So, what should you be doing to prevent non-compliance and hefty fines?

If you’re already complying with the DPA then chances are you already have some strict policies in place. But this doesn’t mean that just because you comply with DPA regulation, you’re automatically going to be compliant under the new GDPR law.

 

Whilst a number of the GDPR’s main principles are similar to those in the Data Protection Act, as we’ve seen, there will inevitably be some new elements and significant enhancements – meaning you may have to do some things differently.

 

As such, the ICO have put together a guide on Preparing for the General Data Protection Regulation (GDPR). They suggest a number of things you should be starting to do to get yourself ready for the change:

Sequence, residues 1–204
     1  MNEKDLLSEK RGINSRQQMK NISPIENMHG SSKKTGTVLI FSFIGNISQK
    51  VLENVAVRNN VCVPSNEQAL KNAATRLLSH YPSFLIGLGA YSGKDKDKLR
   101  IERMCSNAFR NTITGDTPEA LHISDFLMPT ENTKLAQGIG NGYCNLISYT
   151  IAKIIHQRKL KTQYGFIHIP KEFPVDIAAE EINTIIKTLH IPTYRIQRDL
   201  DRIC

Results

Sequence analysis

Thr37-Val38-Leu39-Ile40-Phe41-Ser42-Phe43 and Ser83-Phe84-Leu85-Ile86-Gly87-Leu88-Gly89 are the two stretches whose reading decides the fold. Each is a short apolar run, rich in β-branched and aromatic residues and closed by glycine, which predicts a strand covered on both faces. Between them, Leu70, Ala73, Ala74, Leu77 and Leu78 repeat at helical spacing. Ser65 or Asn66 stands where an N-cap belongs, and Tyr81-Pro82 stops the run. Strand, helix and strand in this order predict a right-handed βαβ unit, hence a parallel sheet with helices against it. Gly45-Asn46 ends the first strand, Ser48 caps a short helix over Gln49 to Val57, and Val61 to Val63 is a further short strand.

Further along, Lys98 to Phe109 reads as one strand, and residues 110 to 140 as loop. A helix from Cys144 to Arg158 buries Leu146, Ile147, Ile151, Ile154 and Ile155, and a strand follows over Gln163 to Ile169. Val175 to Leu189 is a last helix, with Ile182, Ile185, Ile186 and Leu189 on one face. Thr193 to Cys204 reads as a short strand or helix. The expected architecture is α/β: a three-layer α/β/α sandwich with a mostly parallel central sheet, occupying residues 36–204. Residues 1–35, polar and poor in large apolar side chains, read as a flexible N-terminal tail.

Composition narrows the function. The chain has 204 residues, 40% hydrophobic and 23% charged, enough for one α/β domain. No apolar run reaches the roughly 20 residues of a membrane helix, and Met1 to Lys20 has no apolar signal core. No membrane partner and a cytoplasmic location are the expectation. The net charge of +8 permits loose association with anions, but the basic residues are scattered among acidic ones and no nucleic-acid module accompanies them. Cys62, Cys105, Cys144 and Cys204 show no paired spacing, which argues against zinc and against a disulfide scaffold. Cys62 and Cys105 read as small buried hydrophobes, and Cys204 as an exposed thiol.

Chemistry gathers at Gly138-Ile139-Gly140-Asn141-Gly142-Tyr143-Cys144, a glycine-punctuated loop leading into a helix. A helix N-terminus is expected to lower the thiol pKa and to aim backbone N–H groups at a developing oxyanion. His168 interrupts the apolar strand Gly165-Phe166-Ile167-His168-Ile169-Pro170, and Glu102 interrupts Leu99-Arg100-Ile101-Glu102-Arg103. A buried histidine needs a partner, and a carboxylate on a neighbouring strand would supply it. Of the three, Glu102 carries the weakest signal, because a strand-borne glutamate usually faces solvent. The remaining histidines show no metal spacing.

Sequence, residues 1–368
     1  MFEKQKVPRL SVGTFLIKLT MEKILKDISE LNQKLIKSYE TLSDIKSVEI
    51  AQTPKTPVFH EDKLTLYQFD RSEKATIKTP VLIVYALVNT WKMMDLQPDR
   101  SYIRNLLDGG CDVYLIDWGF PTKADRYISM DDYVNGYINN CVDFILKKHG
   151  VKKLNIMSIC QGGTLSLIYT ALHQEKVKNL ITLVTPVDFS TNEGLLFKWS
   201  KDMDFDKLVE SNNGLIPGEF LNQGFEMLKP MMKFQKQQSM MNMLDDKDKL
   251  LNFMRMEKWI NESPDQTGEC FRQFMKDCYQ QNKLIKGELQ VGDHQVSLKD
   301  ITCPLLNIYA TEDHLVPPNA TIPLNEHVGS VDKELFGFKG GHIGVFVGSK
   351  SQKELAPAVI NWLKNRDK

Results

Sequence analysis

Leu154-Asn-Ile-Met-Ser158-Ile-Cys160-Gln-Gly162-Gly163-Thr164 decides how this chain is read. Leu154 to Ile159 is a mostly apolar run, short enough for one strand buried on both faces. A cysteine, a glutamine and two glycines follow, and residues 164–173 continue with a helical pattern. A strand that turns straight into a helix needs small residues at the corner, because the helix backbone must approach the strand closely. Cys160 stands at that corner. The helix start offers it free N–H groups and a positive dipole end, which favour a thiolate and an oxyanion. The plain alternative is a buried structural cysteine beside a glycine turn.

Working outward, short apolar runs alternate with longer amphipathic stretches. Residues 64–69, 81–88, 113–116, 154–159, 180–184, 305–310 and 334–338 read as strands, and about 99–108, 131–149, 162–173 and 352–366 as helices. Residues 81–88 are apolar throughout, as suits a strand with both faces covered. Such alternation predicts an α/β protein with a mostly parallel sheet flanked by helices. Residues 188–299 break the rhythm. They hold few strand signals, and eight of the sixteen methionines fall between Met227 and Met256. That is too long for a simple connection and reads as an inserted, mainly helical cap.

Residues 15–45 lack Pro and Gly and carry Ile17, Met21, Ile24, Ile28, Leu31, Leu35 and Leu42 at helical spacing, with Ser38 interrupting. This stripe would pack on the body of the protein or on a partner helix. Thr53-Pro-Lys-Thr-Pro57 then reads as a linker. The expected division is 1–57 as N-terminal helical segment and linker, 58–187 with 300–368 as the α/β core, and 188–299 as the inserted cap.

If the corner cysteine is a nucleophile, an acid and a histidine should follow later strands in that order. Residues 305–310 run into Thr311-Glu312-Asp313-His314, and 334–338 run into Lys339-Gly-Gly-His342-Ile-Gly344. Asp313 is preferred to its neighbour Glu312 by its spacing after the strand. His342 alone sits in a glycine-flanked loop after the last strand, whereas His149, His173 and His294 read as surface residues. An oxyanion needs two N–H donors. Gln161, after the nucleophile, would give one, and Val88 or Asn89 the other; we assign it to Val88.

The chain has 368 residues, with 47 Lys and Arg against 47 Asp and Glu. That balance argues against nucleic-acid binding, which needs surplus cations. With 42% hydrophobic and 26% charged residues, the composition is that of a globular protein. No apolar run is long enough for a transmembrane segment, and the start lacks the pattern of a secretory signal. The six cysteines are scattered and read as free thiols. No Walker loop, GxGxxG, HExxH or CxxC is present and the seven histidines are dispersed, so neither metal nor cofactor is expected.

• Awareness – ensure that decision makers and key people in your school are aware that the DPA is changing to the GDPR – they need to appreciate the impact it will have and how the new legislation will affect schools
  • Information you hold – organise an information audit and document what personal staff and student data you hold, where it came from and who you share it with
  • Communicating privacy information – review your current privacy guidance and put a plan in place for making any necessary changes in time for when GDPR comes into force
  • Individuals’ right – check your current procedures to ensure they cover all the rights individuals have, including how you would delete personal data or provide data electronically
  • Subject access requests – update your procedures and plan how you’ll handle requests within the new timescales and provide any additional information